One of the starkest moments from the Group of 20 came when U.S. President Donald Trump skipped a session on the pandemic to hit the golf course. Just as telling was how many other leaders seemed checked out.
The virtual gathering of the world’s top economies, including host Saudi Arabia, was always going to be uncomfortable: The first Arab nation to assume the presidency, with a question mark hanging over it after the murder of government critic Jamal Khashoggi in 2018. Then came the devastation unleashed by the coronavirus that turned a source of national pride into a low-key affair that laid bare the limitations of global cooperation when so many were looking inwards.
The live feed captured glimpses of Russia’s Vladimir Putin arriving late, Spain’s Pedro Sanchez and France’s Emmanuel Macron checking their mobile phones, and the U.K.’s Boris Johnson looking uncombed and reading from his notes. Yet the stakes for the world couldn’t be higher.
There’s the deepest recession since the Great Depression to contend with, and the painful reminder that it was during the 2008 financial crisis that the G20 came into its own. There was an urgency around climate change dismissed by Trump throughout his tenure, and the race to distribute a COVID-19 vaccine that’s testing the spirit of setting aside nationalistic interests for the greater good.
The picture that emerged from two days of international diplomacy reduced to a form of Zoom meeting is that many leaders are relieved to have Joe Biden take over as U.S. president, though they think four years of “America First” cannot be easily undone, according to officials present.
Even with the incumbent a shadow of his former combative self, he still took credit for defeating the Islamic State group and bringing peace to the Middle East. On Sunday, Trump justified his exit from the Paris climate agreement because it was designed, he said, “to kill the American economy.” When it was his turn to speak on Saturday, Trump said that any American who wants immunization will be able to get it, and made no mention of sharing U.S.-made shots with other nations.
France was among a chorus of countries calling for faster progress on the distribution of vaccines, particularly when it came to the poorest nations. It’s common practice for leaders have others to step in their shoes, yet this G20 took that practice to another level.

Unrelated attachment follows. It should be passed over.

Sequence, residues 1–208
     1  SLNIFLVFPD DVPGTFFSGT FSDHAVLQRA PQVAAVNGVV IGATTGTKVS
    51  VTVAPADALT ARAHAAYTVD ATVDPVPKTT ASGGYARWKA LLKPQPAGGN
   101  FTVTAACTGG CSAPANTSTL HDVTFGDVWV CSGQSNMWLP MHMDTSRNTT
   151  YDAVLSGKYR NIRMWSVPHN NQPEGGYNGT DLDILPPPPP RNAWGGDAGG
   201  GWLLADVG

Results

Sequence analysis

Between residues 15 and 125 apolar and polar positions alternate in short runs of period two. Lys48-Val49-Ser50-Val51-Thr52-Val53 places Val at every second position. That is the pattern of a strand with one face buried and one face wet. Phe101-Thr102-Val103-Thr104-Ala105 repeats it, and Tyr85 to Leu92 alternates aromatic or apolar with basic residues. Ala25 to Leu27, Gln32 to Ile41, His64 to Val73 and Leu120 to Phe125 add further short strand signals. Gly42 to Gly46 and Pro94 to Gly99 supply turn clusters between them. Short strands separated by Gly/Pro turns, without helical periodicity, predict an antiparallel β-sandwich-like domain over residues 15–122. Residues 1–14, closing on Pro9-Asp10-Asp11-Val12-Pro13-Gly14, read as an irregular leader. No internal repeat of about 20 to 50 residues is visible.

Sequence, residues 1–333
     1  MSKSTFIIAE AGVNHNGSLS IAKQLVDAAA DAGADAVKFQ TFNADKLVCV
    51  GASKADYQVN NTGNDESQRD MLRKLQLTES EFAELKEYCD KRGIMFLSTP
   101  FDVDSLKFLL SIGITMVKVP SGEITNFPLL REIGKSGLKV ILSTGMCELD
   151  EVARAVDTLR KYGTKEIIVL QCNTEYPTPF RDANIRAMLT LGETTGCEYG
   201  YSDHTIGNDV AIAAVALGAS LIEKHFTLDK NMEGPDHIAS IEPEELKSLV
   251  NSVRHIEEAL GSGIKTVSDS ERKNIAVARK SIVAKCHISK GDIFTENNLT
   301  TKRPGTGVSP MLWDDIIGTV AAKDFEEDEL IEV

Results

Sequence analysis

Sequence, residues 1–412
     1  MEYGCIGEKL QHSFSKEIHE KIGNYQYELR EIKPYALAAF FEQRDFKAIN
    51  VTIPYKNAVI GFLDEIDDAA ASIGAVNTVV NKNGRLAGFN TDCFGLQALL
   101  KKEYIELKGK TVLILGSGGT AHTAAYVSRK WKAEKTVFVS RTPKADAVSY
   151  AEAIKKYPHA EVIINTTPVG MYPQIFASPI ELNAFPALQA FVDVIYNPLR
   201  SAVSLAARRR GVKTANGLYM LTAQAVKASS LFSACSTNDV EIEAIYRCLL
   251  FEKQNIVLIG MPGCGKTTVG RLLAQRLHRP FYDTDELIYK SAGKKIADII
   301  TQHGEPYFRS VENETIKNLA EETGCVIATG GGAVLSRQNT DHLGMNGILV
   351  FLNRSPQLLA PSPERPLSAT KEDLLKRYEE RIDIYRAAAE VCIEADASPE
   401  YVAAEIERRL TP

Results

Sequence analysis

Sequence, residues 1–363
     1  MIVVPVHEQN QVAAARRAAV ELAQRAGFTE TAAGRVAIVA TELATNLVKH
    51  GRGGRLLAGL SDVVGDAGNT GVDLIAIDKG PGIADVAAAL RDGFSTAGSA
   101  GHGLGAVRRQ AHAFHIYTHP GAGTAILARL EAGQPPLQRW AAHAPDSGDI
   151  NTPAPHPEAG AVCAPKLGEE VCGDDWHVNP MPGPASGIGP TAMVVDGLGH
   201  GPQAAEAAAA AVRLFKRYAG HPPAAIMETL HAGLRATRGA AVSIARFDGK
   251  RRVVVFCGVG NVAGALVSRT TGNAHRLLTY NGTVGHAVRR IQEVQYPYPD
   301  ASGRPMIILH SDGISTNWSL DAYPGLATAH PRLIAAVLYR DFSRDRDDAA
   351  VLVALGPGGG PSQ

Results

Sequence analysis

Trump has always played the wild card at such events. The difference now is that he’s deemed less relevant by his peers after getting voted out of office, even if he refuses to accept the election results. At a meeting of Asia-Pacific leaders on Friday, Trump was briefly placed at the bottom right box of the screen. At the G20, his impact also seemed suddenly diminished.
German Chancellor Angela Merkel, who’s serving out 15 years at the helm of Europe’s most powerful country, dismissed Trump’s battle to remain in the White House. Her finance minister also took a jab, by saying “one participant used the occasion one more time to talk about his own grandiosity.”
Even in these anti-climatic circumstances, where officials couldn’t mingle, it was clear there was a different vibe.
One European official described it like a breath of fresh air. Another noted that after years of obstructionism, the U.S. delegation seemed more engaged, and that the final summit statement was stronger than many in recent years.
Next year the ball will pass to Italy for the G20 and the U.K. for the Group of Seven and the United Nations climate conference, which will toughen the debate around global warming. Even a usually diffident China would appear to welcome a return to that kind of engagement.
“With Trump heading out, China and the U.S. could have at least some common language on multilateralism, even though their understanding may not be exactly the same,” said Wang Huiyao, an adviser to China’s cabinet.
In the G20 statement, Trump quietly signed up to documents that U.S. officials had demanded be watered down in recent sessions. On medicines and vaccines, the leaders pledged to “spare no effort to ensure their affordable and equitable access for all people.”
Western allies to the U.S. are keen for Biden to fill the void left by Trump, taking back some of the ground that China has grabbed to play the champion of globalization. Merkel and Macron are keenly aware that Europe must rely less on the U.S. as the global policeman.
China poses competition, not only economically but as a leader in climate and science. Canadian Prime Minister Justin Trudeau called for pushback against what he called Beijing’s “more aggressive, coercive diplomacy.”
This was an exceptional year. The scale of the pandemic threw off decision-makers on every front. Leaders with an eye to their own voters appeared more worried about how to save Christmas back home then anything that went beyond their borders, many of which are still closed to just about any other country.
Trump left the meetings early, but so did China’s Xi Jinping and Brazil’s Jair Bolsonaro. It was a sign of the times and possibly a widely-shared sentiment of just wanting to turn the page on this year.
For those who thought this might be the last sighting of Trump, the president himself said he would be back.
According to a French official, he specified with his counterparts on the first day of the G20 that he wished to keep working with them — for a long time.
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